Congratulations to Shira Friedman-Parks, 7th grader at Akiba-Schechter, on advancing to the National Level of the History Fair. Shira’s project, “It’s Not Easy Being Clean,” was a website on the life and legacy of Josephine Cochran, inventor of the dishwasher.Shira was accompanied in Springfield, at the State Expo, by 5 of her peers, who also made it to the state level:• Sarah Campbell, paper: Bruno Bettelheim, Refrigerator Mother Theory
• Isabel Kucher, exhibit: Jane Addams: Legacy of Legal Reforms
• Bina Wilens, paper: Robert Mendelsohn, Medical Heretic
• Zoe Weiner, website: Natasha Goldowski Renner, Woman of the Manhattan Project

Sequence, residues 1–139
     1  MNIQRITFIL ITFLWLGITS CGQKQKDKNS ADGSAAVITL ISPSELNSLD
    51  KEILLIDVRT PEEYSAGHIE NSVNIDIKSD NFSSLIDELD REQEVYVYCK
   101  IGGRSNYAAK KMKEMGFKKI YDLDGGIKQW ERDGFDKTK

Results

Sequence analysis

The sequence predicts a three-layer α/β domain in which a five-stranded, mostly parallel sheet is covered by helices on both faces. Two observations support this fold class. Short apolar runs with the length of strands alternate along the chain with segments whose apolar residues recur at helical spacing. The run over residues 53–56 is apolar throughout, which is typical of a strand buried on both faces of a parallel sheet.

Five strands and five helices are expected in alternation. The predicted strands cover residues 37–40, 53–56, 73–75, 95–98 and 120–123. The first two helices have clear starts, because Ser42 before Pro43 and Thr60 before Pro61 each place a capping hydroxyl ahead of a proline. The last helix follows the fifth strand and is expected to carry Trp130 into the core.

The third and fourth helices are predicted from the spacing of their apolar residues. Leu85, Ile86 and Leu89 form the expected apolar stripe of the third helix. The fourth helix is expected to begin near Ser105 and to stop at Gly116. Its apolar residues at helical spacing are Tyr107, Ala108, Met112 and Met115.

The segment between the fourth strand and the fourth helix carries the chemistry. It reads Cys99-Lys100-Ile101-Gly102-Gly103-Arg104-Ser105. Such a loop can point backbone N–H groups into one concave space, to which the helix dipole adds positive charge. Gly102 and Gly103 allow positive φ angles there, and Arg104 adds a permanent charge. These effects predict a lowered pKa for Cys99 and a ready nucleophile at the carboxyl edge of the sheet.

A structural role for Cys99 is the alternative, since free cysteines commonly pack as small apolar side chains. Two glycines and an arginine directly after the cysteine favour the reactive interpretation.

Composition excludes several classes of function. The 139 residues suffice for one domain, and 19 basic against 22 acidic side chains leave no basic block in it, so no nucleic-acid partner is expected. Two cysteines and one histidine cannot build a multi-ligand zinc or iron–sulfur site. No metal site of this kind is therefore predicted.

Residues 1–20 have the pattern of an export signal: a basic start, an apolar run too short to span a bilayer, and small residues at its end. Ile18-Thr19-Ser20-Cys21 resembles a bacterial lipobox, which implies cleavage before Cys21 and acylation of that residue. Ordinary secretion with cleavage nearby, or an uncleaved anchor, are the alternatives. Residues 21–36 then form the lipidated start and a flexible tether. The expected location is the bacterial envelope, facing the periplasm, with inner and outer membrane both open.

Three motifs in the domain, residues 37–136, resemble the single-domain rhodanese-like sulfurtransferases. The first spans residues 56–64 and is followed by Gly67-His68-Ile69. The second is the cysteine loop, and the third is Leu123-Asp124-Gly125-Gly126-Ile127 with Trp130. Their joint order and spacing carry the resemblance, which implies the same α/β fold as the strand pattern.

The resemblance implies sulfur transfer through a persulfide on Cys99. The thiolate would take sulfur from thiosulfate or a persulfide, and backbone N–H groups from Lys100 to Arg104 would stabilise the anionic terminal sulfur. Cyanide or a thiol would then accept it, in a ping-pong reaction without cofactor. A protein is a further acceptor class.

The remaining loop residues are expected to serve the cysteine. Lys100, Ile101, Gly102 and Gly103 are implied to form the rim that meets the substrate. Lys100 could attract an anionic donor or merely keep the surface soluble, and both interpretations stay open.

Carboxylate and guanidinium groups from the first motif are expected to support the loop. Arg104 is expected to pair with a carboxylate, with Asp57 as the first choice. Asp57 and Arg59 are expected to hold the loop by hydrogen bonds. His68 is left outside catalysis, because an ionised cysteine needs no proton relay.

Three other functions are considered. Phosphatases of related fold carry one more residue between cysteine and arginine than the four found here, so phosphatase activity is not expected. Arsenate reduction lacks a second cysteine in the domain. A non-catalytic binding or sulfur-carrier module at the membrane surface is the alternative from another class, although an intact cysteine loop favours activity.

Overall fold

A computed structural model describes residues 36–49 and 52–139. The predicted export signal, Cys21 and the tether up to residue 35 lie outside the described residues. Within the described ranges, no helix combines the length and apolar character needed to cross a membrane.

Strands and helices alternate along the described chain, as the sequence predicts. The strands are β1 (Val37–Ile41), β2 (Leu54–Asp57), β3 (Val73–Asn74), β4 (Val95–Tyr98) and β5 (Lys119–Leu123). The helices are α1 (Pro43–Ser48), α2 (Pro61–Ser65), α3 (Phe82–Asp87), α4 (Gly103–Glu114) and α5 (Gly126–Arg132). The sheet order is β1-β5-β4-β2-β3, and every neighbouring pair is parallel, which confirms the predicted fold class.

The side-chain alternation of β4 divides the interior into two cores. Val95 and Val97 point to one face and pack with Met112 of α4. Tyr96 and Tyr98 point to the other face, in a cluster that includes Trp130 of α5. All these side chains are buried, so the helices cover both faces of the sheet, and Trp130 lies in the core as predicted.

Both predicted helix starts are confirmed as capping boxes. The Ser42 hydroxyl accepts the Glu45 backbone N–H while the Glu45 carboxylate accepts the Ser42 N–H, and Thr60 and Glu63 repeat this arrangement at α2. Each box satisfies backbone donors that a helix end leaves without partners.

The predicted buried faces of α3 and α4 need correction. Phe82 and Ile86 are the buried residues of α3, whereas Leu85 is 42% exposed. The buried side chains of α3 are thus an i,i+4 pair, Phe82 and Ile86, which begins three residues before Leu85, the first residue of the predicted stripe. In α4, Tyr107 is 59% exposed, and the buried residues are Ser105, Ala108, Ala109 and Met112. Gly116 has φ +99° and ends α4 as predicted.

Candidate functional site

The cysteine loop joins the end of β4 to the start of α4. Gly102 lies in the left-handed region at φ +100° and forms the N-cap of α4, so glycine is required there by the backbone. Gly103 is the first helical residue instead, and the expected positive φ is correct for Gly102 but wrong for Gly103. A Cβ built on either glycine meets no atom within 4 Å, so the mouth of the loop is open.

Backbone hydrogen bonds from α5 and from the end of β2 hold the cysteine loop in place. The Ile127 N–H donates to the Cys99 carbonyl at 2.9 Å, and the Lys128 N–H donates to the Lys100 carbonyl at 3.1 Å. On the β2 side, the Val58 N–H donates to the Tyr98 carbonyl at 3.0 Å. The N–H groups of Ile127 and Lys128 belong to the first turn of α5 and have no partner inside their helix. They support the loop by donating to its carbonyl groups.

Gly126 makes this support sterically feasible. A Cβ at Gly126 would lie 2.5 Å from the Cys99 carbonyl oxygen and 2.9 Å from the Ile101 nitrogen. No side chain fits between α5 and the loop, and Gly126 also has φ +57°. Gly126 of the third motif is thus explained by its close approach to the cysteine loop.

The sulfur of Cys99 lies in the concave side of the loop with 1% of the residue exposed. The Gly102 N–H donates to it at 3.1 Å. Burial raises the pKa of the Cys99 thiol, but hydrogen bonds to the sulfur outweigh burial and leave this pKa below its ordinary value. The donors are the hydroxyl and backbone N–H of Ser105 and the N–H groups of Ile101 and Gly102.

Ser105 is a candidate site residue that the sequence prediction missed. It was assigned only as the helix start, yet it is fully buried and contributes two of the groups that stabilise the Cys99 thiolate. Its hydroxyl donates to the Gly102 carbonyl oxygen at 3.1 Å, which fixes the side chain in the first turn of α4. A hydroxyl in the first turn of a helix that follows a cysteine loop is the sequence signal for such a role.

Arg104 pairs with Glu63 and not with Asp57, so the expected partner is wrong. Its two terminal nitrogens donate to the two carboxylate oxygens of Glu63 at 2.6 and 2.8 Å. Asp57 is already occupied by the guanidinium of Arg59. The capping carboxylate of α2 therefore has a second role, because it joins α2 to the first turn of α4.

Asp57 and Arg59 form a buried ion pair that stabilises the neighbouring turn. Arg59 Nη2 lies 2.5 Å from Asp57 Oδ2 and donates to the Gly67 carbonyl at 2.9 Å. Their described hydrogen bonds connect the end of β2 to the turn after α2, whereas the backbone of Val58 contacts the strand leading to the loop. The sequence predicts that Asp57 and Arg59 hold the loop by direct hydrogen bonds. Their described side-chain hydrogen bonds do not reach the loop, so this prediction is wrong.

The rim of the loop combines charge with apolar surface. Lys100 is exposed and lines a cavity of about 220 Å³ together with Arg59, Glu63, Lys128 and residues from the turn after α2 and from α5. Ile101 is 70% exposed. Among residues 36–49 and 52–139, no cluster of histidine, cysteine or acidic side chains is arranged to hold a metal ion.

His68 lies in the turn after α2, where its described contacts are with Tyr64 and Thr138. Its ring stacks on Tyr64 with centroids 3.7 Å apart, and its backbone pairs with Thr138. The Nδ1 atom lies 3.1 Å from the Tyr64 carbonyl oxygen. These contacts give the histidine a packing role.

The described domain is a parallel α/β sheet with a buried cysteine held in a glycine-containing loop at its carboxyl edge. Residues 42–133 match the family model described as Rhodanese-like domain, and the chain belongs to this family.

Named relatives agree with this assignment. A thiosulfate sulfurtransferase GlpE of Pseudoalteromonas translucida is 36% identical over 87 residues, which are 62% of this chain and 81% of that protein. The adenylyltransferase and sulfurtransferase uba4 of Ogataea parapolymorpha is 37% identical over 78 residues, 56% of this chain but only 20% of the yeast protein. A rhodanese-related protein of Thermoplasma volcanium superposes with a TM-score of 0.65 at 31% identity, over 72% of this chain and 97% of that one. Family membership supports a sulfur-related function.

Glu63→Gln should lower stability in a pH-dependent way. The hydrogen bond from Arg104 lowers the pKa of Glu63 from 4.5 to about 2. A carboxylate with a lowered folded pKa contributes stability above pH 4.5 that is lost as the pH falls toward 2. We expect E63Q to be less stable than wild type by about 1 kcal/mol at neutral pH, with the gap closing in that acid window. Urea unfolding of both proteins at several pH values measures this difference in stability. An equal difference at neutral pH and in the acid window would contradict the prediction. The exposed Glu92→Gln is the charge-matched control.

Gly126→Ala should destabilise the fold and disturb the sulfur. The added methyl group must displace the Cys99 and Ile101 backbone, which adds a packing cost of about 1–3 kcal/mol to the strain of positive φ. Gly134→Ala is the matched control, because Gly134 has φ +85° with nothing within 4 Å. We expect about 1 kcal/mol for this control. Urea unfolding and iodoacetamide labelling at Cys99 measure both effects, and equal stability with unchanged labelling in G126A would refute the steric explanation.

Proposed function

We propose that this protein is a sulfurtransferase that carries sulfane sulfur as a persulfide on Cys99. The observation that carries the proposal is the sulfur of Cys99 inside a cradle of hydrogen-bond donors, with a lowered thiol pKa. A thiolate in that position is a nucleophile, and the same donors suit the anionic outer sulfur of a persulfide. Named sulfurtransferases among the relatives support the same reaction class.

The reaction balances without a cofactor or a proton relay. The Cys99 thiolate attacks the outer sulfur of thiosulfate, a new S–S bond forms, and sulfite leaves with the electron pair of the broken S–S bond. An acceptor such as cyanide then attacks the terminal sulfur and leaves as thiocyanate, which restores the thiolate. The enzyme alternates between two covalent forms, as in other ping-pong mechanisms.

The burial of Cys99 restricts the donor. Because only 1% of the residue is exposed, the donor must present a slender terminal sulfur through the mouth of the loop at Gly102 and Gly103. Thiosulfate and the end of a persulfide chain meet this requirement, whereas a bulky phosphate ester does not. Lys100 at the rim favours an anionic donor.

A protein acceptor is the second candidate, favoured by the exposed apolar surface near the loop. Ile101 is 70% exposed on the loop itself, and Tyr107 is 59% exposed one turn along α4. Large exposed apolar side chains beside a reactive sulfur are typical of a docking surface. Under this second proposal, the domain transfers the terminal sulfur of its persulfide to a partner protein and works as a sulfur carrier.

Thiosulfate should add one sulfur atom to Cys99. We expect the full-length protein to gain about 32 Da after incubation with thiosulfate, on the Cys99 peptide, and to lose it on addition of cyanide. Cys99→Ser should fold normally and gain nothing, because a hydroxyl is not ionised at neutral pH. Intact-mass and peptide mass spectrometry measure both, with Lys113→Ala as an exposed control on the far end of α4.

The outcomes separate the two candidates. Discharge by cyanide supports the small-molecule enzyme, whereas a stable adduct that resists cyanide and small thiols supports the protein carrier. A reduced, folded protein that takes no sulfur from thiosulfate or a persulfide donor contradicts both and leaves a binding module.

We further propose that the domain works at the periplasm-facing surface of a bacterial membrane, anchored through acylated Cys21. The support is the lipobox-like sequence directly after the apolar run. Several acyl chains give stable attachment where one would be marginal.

• Sarah Winitzer, paper: Ida B. Wells and her Anti-Lynching CampaignCongratulations also to the students’ 7th/8th grade Humanities teachers, Mindy Schiller and Neil Landers, who recently received a grant for curriculum development from the National Endowment for the Humanities.Schiller and Landers were both accepted into a 4-week summer institute sponsored by the National Endowment for the Humanities (NEH). While NEH Summer Institutes are held across the globe, this specific seminar, “Rethinking the Gilded Age and the Progressive Era: Capitalism, Democracy, and Progressivisms, 1877 to 1920,” will be held at the University of Illinois at Chicago during the month of July. Its topic is directly relevant to a critical part of the Year II Humanities curriculum. As participants, Mindy and Neil will each receive $3,300 stipends. Each NEH seminar accepts roughly 10 participants. Because the space is so limited and the demand so high, it is extremely rare for more than one educator to be accepted from the same institution. Mindy and Neil were also accepted at two other NEH seminars—on the role of the news media in the American Revolution and the Reconstruction Era, respectively.Award-winning historian Robert Johnston (University of Illinois at Chicago) will guide the institute’s academic content, with the help of renowned experts in history, art, and architecture. Seasoned high school veterans will focus on pedagogy and integration of materials into the classroom. The NEH approach to teaching history—that is, placing themes at the center, starting with an “inquiry,” and using multiple disciplines to explore that inquiry—parallels the design of Akiba-Schechter’s Humanities course, where every unit begins by establishing the themes students will grapple with, forming “essential questions” to help them with this process, and then immersing students in as much primary-source material as possible.Mindy and Neil are very excited to be able to participate in such an opportunity, and to be able to bring such excellent material back to the Akiba-Schechter community.